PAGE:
The test core H) has for convenience been cut in the form of a right circular cylinder. A main base I8 may be formed of metal, with a cylindrical recess emptying into a test fluid discharge opening 22, threaded to receive a suitable discharge pipe or coupling. Inside the recess 20 is disposed a lower sealing ring or gasket 24 formed of suitable sealing material not affected by the test fluid, such as rubber for example if the test fiuid is water, or certain forms of synthetic rubber well known in the art to be unaffected by oil, if the test fluid is oil.
A disc 26 forms a capillary diaphragm of the type familiar to those experienced in capillary pressure measurements, and rests upon the resilient sealing ring 24. The test core ID has its lower surface l4 supported upon the upper surface of the diaphragm 26, being surrounded, though spaced from, the encircling upper resilient sealing ring 28 which also rests upon the upper surface of the diaphragm 26-, and is in all respects similar to the lower sealing ring 24. An exit vestibule 30 is thus formed between the lower surface of the diaphragm 26 and the floor of the recess 20.
An inner housing cylinder 32 is threadedly engaged at its lower end portion 34 into the matchingly threaded upper portion or" the base recess 20, so that the lower end of the cylinder 32 compresses the gaskets 24 and 26 to form a tight seal. A cup-shaped closure cap 36 comprising a top disc 38 and depending cylindrical skirt 40 has lower internal threads by means of which it isthreadedly engaged with the external threads on the upper end portion 44 of the inner housing cylinder 32.
As seen clearly in Figure 1, the top disc 38 has an inlet opening 46 adapted for being coupled to a source of test fluid which is to pass through the test core [0 for determination of the permeability thereof. Against the lower surface of the top disc 38 is an upper resilient gasket 52,- annular in shape, and formed of suitable sealing material like the rings 24 and 28.- An upper capillary diaphragm 52', which is circular in shape, and similar in all respects to the lower diaphragm 26, is held against the undersu'rface of the sealing ring by means of a lower sealing ring or gasket 54, which is similar to the upper sealing ring 50. This lower gasket is compressed upwardly by means of an annular pressure member or keeper 56, which, like the ring 54, encircles but is spaced from the test-core f0, and is threaded on its perimeter into the threaded interior of the skirt 40. This forms a tight seal, and it will be observed that a fluid entrance vestibule 58 is formed between the upper surface of the diaphragm 52 and the top disc 38, to receive test fluid from inlet opening 4'3.
Adjustment of the cap 36 upon the cylinder 32 will bring the upper and lower end surfaces 12 and 14 of the test cylinder Ill into good contact with the porous diaphragms 26and 52. The porous plates 26 and 52, when saturatedby the wetting phase, must have an equivalent pressure, that is to say, displacement pressure, greater than the maximum desaturation pressure that is used in a particular experiment. For these plates, porcelain discs of the type manufactured by the Selas Company or the Coors Porcelain Company, in the United States, have been-found to be satisfactory for this purpose. The plates or this manufacture are well known in the art,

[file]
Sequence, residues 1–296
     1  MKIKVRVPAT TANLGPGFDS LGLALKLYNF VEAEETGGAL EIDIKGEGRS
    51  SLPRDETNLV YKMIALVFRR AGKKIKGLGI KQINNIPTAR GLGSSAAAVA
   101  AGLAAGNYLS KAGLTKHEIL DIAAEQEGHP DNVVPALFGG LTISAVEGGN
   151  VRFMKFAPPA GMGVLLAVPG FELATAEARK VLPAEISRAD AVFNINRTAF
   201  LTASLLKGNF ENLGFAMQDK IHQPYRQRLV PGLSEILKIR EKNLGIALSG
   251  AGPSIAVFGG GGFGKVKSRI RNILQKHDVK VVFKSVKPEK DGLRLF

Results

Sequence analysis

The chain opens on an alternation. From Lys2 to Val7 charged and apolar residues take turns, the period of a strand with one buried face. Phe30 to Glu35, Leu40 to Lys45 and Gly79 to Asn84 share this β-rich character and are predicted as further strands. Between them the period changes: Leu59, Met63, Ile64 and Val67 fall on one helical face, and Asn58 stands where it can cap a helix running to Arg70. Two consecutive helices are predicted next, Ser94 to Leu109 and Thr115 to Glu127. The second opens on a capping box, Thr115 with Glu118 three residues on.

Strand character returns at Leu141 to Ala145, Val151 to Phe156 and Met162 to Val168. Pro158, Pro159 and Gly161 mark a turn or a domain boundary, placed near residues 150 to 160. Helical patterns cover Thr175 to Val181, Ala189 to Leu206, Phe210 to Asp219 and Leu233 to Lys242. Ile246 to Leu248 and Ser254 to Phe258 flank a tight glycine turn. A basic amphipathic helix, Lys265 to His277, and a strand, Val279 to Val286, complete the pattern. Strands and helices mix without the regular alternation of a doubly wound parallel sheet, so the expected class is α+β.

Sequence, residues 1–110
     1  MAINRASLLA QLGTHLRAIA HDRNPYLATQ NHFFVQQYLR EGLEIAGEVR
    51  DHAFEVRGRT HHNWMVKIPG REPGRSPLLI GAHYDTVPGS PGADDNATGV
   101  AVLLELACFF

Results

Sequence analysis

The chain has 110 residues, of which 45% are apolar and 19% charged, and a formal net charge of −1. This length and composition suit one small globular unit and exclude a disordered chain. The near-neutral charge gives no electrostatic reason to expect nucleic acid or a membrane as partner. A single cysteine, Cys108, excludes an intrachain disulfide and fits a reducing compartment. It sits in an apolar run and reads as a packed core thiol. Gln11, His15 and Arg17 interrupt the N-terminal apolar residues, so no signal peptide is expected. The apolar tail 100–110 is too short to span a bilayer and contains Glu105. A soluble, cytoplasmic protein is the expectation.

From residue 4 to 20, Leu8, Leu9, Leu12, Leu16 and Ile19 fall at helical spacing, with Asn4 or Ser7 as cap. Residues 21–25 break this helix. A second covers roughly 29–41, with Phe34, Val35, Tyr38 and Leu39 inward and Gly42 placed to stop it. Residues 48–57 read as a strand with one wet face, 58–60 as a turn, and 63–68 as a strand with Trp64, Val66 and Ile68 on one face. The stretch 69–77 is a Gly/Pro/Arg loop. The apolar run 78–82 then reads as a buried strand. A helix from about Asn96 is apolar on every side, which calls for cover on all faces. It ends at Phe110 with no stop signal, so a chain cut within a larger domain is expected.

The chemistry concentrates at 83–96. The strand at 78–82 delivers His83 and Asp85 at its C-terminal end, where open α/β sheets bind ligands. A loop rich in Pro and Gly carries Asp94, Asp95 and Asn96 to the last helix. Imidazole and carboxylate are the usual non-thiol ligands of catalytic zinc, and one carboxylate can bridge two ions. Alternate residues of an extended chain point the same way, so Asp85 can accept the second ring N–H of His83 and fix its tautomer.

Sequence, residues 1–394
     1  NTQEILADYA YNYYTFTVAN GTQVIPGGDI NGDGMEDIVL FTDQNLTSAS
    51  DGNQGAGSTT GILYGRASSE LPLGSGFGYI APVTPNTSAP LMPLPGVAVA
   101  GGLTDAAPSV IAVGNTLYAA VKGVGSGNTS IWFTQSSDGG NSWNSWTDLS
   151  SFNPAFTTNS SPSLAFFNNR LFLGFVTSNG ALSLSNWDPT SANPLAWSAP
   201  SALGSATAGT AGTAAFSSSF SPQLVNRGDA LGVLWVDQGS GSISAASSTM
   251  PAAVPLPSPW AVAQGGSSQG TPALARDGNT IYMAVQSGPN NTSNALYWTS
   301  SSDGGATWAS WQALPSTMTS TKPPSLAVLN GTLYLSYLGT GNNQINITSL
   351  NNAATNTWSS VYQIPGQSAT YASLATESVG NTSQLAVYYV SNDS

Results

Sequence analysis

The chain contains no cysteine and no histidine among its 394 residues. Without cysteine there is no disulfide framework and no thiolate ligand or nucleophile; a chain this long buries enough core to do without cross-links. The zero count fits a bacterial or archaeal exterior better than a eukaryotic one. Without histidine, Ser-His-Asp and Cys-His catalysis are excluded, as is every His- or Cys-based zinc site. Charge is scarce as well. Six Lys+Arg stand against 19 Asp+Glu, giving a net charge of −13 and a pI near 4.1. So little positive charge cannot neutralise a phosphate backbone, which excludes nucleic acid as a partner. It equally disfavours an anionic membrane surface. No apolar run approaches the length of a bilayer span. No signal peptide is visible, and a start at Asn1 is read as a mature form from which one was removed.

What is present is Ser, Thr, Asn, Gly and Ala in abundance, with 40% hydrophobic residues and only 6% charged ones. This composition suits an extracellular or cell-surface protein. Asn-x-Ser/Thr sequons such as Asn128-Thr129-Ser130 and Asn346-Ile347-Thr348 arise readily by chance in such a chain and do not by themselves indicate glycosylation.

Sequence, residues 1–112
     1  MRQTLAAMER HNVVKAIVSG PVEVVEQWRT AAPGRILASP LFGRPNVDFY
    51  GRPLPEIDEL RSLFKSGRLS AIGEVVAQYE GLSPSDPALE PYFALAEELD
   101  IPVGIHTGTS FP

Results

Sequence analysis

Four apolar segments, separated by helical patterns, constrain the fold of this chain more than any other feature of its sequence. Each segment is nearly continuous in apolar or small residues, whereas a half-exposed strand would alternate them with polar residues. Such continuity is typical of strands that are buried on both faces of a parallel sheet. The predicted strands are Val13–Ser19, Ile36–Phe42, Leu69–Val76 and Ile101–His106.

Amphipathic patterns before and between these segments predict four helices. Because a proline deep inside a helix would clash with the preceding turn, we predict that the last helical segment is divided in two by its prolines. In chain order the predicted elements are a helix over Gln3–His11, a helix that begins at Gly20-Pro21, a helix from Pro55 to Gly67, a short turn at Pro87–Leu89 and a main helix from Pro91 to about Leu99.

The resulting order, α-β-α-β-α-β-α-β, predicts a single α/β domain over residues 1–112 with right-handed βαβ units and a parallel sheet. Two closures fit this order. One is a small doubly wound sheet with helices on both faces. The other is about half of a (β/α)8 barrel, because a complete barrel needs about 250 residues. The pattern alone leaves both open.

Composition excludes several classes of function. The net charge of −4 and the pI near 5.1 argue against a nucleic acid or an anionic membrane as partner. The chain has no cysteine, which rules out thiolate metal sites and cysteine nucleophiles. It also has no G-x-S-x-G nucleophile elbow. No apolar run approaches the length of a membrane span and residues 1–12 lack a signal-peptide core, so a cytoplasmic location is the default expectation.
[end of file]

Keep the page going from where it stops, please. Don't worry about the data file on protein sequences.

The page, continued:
and hence will not be further described in detail.
To insure continuity of the wetting phase and good capillary contact between the core iii and the porous plates 26 and 52, it may be desirable to place between the upper and lower end surfaces of the core, and the contiguous porous plates or capillary diaphragms, thin tissue paper, blotting paper, or a solid, such as finely divided barium sulphate. Furthermore, the use of springs to secure and maintain capillary contact may be preferred as a method of mounting, in that the alignment of the various parts of the holder and parallelism of the core faces l2 and [4 will be thereby rendered less critical. This purpose may well be helped by use of the resilient gaskets 24, 28, 50 and 54.
Surrounding the test core I0 is an annular space blanket 6B which is confined inside the inner housing cylinder 32. Air or other nonwetting fluid is introduced into this spaceblanket chamber 60 through the opening 62 formed in the wall of the cylinder 32.
An outer housing cylinder 64 has its lower end portion 66 extending into a sealing recess 68, annular in shape, and pressing against a sealing resilient ring or gasket Ill disposed therein, so as to form a tight seal. The inside diameter of the'cylinder 54 is such as to fit snugly over the skirt 40 of the cap 36, with a sealing top gasket ring l2 pressed downwardly thereupon as seen best in Figure 1-, to form a tight seal, by means or an annular pressure ring member 74' which is recessed at $5 to receive the cylinder 64 and the gasket 12.
Tie rods have their lower ends 82 threaded into recesses formed in the main base l8, and extend through bores 84 formed in the pressure ring it, being compressed upon the latter by means of nuts 66 threaded onto the upper ends of the tie rods, to provide a tight seal of the parts thus brought together, and the firm interengagement thereof in a unitary assembly.
It is seen that an outer sealing-fluid chamber 8-8, annular in form, is provided between the outer and inner main housing cylinders 64 and 32, and an opening 9!] is formed in the wall of the cylinder 64, to permit entrance of sealing fluid from a source, not shown, the sealing fluid thence entering the inner chamber 60 to blanket the wall of the test core H].
In a preferred method of operation of this invention, the core I0 is first completely saturated with a wetting fluid such as water or brine and then inserted, together with the contacting material, between the two porous membranes 26 and 52, which are likewise saturated with the wetting phase. Pressure sufiicient to produce the desired desaturation is then applied to the non-wetting phase, for example, air, in the annular chamber 60.